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Oxidative and Internal Stress Effects of Dopants in Multilayer Yb₂Si₂O₇ Environmental Barrier Coatings


Herren, Benjamin Riley (2022) Oxidative and Internal Stress Effects of Dopants in Multilayer Yb₂Si₂O₇ Environmental Barrier Coatings. Dissertation (Ph.D.), California Institute of Technology. doi:10.7907/4cm0-8e79.


One of the best approaches to improving the efficiency of turbine engines is to increase their operating temperatures. A revolutionary improvement toward this goal will be the replacement of structural metallic components with silicon-based ceramic-matrix composites (CMCs). However, corrosive chemistries in combustion engines necessitate chemical protection of the structural material. Environmental Barrier Coatings (EBCs) are designed for this purpose through thermomechanical and chemical compatibility with the system. High-temperature, humid oxidation of the EBC bondcoat, a silicon layer which adheres the topcoat to the substrate, remains a critical failure mode EBC systems.

This work studies the effects of chemical modifications on bondcoat oxidation during steam cycling in a current state-of-the-art EBC (Yb₂Si₂O₇/Si), and the implications for the durability of the system. Chemically modified EBCs have been shown to decrease oxide growth by more than 85 percent after 1000 hours of steam cycling. Post-exposure analyses are used to investigate the effects of chemistry on thermal oxide thickness and microstructure. Synchrotron X-ray scattering at the Advanced Photon Source, Argonne National Laboratory, is used to observe internal strains, connected to oxidation and chemistry through microstructure. Compared internal stresses, oxidation, and microstructure between baseline and modified EBCs promote the effectiveness of topcoat chemical modifications as they may apply to EBC durability. Microindentation, nanoindentation, and ongoing beam-bending experiments are also used to assess EBC interface toughness in a baseline EBC system. Additionally, a custom induction furnace has been designed and tested for in-situ steam cycling at the synchrotron. Traits facilitating the use of the custom furnace at the synchrotron make for convenient steam-cycling and other exposures in conventional laboratory settings, as well, with enhanced customizability and flexibility.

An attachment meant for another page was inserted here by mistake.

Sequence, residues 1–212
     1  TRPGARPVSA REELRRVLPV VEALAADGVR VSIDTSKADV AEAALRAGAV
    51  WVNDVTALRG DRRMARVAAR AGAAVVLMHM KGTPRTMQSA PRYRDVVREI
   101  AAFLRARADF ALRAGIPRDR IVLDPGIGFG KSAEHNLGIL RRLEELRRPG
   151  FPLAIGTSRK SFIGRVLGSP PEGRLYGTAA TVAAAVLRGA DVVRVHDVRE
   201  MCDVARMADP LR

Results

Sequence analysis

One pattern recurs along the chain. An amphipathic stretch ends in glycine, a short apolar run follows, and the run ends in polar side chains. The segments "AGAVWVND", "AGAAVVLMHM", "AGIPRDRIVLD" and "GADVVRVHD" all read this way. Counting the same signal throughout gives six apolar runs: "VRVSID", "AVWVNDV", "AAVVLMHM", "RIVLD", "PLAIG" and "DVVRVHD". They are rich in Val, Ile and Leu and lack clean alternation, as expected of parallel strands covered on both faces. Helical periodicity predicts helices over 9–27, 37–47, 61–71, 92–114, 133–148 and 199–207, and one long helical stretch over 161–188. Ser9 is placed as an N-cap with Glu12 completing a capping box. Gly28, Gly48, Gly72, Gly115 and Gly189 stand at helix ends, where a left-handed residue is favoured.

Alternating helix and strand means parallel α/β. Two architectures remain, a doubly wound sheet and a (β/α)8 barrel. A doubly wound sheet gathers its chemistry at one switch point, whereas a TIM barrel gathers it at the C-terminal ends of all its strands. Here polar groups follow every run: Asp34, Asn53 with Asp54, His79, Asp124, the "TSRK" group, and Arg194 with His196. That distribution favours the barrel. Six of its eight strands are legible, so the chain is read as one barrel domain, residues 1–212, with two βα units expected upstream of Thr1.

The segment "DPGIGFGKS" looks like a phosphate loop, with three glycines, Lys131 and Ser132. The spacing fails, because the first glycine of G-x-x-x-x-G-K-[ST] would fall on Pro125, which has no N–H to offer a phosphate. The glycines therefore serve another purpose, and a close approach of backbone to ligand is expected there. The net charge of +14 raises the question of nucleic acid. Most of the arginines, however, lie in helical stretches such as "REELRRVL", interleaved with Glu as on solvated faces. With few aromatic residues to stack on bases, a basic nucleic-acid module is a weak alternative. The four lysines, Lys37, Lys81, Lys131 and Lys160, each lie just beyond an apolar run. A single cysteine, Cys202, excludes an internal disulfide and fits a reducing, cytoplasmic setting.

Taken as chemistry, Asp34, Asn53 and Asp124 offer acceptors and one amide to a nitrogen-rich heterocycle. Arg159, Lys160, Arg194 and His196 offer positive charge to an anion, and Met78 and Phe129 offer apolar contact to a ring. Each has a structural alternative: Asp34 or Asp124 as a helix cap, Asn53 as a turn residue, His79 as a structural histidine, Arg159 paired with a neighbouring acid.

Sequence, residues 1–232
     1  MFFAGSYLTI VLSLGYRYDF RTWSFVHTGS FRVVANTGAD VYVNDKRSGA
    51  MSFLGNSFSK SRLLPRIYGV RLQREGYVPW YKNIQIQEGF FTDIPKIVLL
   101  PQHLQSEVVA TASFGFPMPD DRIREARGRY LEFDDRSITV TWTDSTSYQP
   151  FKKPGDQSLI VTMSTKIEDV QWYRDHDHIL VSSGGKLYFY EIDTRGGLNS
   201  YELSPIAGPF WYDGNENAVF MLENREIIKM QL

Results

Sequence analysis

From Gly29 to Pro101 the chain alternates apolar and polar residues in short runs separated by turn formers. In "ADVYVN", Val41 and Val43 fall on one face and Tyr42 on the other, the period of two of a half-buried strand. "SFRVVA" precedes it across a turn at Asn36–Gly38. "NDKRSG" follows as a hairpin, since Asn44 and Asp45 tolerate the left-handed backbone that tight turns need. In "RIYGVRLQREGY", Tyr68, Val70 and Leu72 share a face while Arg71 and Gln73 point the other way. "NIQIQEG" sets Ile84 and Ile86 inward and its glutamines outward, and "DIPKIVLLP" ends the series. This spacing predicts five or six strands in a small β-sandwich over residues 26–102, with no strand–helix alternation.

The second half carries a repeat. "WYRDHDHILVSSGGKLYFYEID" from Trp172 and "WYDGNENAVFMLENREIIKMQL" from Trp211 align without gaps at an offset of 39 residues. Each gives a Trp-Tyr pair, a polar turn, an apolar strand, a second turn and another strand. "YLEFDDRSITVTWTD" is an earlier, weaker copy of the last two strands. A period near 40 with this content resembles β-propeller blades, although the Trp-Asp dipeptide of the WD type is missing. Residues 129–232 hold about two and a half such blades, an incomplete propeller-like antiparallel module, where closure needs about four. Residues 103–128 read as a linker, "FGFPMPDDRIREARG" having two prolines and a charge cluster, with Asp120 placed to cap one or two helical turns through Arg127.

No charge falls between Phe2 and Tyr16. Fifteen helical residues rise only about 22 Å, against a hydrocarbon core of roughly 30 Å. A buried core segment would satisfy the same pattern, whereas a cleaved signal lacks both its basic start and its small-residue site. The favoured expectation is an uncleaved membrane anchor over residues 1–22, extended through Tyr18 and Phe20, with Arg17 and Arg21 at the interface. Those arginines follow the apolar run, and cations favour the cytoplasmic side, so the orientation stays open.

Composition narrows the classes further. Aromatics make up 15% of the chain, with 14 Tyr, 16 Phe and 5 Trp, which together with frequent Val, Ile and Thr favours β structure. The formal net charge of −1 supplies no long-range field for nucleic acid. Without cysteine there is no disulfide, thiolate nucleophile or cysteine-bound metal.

Item Type:Thesis (Dissertation (Ph.D.))
Subject Keywords:ceramic, turbine, high temperature, toughness, microstructure, synchrotron, diffraction, stress, induction, furnace, oxidation
Degree Grantor:California Institute of Technology
Division:Engineering and Applied Science
Major Option:Materials Science
Thesis Availability:Public (worldwide access)
Research Advisor(s):
  • Faber, Katherine T.
Thesis Committee:
  • Fultz, Brent T. (chair)
  • Ravichandran, Guruswami
  • Almer, Jonathan D.
  • Lee, Kang N.
  • Faber, Katherine T.
Defense Date:29 April 2022
Record Number:CaltechTHESIS:06012022-214247822
Persistent URL:
Herren, Benjamin Riley0000-0002-6011-710
Default Usage Policy:No commercial reproduction, distribution, display or performance rights in this work are provided.
ID Code:14932
Deposited By: Benjamin Herren
Deposited On:02 Jun 2022 19:53
Last Modified:09 Jun 2022 19:43

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